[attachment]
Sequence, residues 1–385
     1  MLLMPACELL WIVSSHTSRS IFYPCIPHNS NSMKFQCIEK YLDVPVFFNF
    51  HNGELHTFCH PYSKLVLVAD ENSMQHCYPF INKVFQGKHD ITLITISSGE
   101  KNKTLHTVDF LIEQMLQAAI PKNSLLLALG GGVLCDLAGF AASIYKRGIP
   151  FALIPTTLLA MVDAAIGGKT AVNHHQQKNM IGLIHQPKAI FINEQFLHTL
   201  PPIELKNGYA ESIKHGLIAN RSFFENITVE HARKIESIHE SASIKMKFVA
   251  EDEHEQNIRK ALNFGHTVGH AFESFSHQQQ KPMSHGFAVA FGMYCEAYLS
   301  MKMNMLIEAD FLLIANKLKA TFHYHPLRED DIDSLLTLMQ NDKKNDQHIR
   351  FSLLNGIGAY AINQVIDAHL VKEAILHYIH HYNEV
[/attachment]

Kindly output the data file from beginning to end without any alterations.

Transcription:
Sequence, residues 1–385
     1  MLLMPACELL WIVSSHTSRS IFYPCIPHNS NSMKFQCIEK YLDVPVFFNF
    51  HNGELHTFCH PYSKLVLVAD ENSMQHCYPF INKVFQGKHD ITLITISSGE
   101  KNKTLHTVDF LIEQMLQAAI PKNSLLLALG GGVLCDLAGF AASIYKRGIP
   151  FALIPTTLLA MVDAAIGGKT AVNHHQQKNM IGLIHQPKAI FINEQFLHTL
   201  PPIELKNGYA ESIKHGLIAN RSFFENITVE HARKIESIHE SASIKMKFVA
   251  EDEHEQNIRK ALNFGHTVGH AFESFSHQQQ KPMSHGFAVA FGMYCEAYLS
   301  MKMNMLIEAD FLLIANKLKA TFHYHPLRED DIDSLLTLMQ NDKKNDQHIR
   351  FSLLNGIGAY AINQVIDAHL VKEAILHYIH HYNEV